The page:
RFA: Within the Chinese Communist Party, what is the volume of calls for a new leadership?
Cai Xia: First, I want to make it clear that it is not an organized movement but more of a commonly shared sentiment. And it is not a new idea that only started today. We already discussed it when we entered the second half of the phase I of the US-China trade war. Not only was the 2018 Constitution amendment a mistake, on some levels, it was also a crime. What (Xi) has done has brought the entire country backwards more than a century.
RFA: In your opinion, do you think Xi is likely to be replaced in the next few years?
Cai Xia: For the moment, it is hard to tell. I think it is unlikely to depend solely on the CCP, because he (Xi) has broken up the entire party. There is no room and atmosphere to allow normal exchanges of opinions among people, so it is not possible for it to happen.
He has a tight grip on everyone. The advanced surveillance technology is not only utilized in monitoring Xinjiang and Tibet, but it is also applied to monitor CCP members as well as mid- and high-level officials. Around 2013, Xi Jinping also announced a policy that forbids the formation of any alumni associations or hometown associations; additionally, gathering after work is also not allowed. He was worried that such gatherings may provide room for cliques or political factions to grow within the Party.
Not only is normal socialization forbidden, but he also requires everyone to be debriefed on what has happened under their own roofs. It is never stipulated in any laws, but you should know better. If you fail to report as required, then it proves that your “Party Spirit is weak.”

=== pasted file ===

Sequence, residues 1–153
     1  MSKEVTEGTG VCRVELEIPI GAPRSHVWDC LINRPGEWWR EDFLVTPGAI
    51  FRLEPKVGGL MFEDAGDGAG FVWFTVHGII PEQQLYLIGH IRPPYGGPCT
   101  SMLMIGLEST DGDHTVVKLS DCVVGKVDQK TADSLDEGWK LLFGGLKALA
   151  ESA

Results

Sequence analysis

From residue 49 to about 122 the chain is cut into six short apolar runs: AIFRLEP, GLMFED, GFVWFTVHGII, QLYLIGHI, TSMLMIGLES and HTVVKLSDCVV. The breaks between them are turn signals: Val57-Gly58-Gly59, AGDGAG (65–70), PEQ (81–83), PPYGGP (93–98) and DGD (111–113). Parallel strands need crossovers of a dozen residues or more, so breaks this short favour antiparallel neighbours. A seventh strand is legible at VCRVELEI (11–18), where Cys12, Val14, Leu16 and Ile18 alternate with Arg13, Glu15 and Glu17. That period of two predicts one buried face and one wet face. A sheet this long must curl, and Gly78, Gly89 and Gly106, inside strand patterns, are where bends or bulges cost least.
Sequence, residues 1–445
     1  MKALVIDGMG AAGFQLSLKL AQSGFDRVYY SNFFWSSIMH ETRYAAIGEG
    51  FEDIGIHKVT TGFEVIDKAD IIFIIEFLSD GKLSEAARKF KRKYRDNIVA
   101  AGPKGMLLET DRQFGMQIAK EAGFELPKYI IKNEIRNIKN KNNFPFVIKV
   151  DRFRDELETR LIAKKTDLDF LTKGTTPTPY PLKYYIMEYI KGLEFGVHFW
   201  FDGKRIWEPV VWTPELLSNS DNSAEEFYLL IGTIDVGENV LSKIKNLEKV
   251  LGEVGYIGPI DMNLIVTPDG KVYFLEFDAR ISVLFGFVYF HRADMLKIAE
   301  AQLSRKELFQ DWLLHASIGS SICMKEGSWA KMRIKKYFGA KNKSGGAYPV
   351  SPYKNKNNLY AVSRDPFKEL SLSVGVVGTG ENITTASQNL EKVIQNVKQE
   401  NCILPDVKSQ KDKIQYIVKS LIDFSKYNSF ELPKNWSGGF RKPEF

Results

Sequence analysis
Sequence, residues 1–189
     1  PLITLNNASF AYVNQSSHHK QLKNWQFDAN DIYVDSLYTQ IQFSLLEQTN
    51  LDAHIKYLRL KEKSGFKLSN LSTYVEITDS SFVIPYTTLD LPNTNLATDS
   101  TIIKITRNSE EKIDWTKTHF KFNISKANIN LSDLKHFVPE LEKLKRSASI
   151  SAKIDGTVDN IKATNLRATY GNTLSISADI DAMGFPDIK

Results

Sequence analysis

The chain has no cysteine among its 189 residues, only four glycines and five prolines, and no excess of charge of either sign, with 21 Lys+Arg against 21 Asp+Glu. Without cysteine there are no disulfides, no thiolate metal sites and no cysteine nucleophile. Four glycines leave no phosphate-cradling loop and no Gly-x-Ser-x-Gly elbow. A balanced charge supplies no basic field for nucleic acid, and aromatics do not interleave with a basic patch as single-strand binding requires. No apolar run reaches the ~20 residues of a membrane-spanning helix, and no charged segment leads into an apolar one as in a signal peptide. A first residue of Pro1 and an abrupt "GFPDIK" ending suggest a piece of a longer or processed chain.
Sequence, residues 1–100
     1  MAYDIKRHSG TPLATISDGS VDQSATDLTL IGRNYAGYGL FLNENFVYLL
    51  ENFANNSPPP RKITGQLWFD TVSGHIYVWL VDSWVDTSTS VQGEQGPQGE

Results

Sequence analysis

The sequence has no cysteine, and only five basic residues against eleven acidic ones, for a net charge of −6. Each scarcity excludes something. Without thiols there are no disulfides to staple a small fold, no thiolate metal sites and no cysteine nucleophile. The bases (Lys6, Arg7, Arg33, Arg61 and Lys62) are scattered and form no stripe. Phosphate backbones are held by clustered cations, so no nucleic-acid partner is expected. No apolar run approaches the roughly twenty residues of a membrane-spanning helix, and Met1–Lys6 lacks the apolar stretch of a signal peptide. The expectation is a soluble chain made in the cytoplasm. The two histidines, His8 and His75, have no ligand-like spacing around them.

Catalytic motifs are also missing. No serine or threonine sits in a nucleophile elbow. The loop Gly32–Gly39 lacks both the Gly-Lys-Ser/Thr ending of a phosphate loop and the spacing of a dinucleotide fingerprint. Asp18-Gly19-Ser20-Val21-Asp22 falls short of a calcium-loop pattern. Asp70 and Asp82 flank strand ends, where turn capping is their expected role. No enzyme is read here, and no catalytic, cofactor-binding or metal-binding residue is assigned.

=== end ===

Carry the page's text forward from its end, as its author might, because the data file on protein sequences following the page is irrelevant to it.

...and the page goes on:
Some practices within the party are not laid out in black and white, but he claims that these are the “norms” of the party, and we shall see whether your actions demonstrate “strong Party Spirit,” and whether you conform to the “norms.” Can you imagine language like this coming from a modern political party? Rhetoric that is usually heard in gangs and in the underworld is now prevalent within the Party.
RFA: In the short run, do you plan to return to China?
Cai Xia: Of course not. Under the current circumstances, how can I go back? I would be thrown into jail as soon as I got back.
RFA: Are there any updates on Ren Zhiqiang?
Cai Xia: A while ago I heard that Ren wanted to defend himself in court, and it was entered into the procuratorate for review. However, up until now, the attorney retained by his family has not been able to meet Ren. In other words, no one from the outside has seen him since he was disappeared and arrested. As good friends of Ren Zhiqiang, we are very worried and concerned about his safety.
RFA: Does the case of Ren’s forced disappearance serve as a warning to silence outspoken critics like you?
Cai Xia: Indeed. Therefore, all my friends are telling me, “Do not come back. If you come back to Beijing, then you will be put in jail like Ren Zhiqiang.”